The story of Labib Habachi was predictable (Figure 1). For centuries Egyptians suffered from the prejudicial views of foreigners arriving in their country. Some came in search of treasure, others in pursuit of knowledge and many simply to pass time because they had the wealth to do so. Half-hearted efforts were made by a few to train Egyptians as excavators, such as when a University was opened in 1869 in Bulaq. Lacking support and adequate funding it proved unsuccessful, closing its doors in less than five years.
By Garry Beuk
In Part 1, we discovered how Arthur Mace took excellent advantage of a distinguished family name, overcoming the fact that wealth would not play a part in making his dreams a reality. Through education, an apprenticeship with his distinguished relative Flinders Petrie and a devotion to proper artifact conservation, Mace ensured respect from his peers. In Part 2, I will show how Mace continued to make contributions to Egyptology throughout a prolonged illness. His conservation techniques preserved artifacts spanning the Metropolitan Museum in New York to the pyramids in Lisht. Mace’s final acts of preservation, as he worked in the tomb of a previously unknown pharaoh made a name for him, although it may very well may have also contributed to his untimely passing.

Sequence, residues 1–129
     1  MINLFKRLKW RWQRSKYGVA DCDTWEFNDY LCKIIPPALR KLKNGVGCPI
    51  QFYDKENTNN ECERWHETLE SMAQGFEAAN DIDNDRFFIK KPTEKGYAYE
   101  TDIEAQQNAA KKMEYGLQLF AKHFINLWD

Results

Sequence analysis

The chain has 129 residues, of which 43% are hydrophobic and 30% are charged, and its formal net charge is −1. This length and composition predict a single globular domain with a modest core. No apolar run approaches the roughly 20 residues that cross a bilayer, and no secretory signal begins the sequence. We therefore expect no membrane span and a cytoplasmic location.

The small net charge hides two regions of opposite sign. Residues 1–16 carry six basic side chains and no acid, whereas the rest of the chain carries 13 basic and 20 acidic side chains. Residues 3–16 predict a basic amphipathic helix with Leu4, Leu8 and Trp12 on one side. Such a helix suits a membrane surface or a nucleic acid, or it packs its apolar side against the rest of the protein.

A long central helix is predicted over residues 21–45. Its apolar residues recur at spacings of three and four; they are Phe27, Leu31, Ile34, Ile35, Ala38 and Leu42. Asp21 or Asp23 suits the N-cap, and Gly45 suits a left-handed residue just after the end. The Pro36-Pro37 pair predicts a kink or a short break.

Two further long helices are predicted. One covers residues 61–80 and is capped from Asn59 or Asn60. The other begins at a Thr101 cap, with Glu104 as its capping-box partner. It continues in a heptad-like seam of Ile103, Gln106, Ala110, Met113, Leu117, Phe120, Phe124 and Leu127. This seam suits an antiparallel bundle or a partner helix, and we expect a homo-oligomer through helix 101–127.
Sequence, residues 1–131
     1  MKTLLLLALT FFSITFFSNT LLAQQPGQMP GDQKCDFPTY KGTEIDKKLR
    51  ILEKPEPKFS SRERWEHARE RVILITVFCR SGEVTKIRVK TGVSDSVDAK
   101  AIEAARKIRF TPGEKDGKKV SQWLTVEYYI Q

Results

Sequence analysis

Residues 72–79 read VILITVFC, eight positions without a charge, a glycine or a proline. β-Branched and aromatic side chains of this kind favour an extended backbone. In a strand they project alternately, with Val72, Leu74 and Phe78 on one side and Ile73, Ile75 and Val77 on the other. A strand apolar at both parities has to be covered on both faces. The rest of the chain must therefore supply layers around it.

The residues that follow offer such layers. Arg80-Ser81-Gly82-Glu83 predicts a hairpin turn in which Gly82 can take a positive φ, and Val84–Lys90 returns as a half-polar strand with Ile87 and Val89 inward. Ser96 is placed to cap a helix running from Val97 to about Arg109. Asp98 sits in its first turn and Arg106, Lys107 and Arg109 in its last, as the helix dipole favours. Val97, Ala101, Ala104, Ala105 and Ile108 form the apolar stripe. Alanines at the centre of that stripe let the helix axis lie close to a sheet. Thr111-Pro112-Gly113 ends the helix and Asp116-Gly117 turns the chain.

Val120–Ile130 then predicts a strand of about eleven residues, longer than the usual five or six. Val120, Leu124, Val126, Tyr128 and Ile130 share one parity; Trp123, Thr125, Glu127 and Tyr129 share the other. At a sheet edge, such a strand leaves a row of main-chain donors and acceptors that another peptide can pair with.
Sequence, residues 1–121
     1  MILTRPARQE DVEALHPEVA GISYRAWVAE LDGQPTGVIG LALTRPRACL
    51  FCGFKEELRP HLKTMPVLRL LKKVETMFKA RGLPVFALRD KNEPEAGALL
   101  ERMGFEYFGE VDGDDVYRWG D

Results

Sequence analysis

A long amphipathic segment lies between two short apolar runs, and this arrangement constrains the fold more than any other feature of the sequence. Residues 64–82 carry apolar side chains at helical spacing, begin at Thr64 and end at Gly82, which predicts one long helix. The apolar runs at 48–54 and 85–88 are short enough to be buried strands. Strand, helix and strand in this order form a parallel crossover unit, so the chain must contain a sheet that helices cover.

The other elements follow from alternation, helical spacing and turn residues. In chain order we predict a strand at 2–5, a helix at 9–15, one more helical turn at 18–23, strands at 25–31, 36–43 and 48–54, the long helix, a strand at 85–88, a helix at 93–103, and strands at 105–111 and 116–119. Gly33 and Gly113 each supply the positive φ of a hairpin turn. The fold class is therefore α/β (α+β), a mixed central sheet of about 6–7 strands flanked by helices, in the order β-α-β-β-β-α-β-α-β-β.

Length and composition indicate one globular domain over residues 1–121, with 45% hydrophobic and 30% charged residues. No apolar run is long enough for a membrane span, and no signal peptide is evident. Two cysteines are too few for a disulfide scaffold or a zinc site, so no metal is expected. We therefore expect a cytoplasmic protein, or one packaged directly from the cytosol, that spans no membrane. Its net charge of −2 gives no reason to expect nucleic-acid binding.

By Garry Beuk
Anthony John Arkell (1898 – 1979) was a pioneer of Sudanese archaeology, a precise and conscientious surveyor and excavator whose publications are still invaluable today. His work provided the framework within which conversations about the prehistory of the Sudan are discussed. When he returned to live and work in England Arkell was responsible for restoring the collections of the Petrie Museum of Egyptian Archaeology, its contents having been packed into 800 boxes during the Second World War. He went on to research and write about the Egyptian Predynastic, helping to revive interest in the pre-Pharaonic period. Anthony Arkell’s contribution to the archaeology of the Eastern Sahara is explored with reference to both his own publications and to comments made by other researchers about the range and value of his work.
Edition - August, 2011
This is a review of the first half of William Cross’s book which deals with the first half of Almina’s life and her marriage to the Fifth Earl Carnarvon, George Herbert. The book continues on to document the second half of her life which is in many ways more interesting, but of little interest […]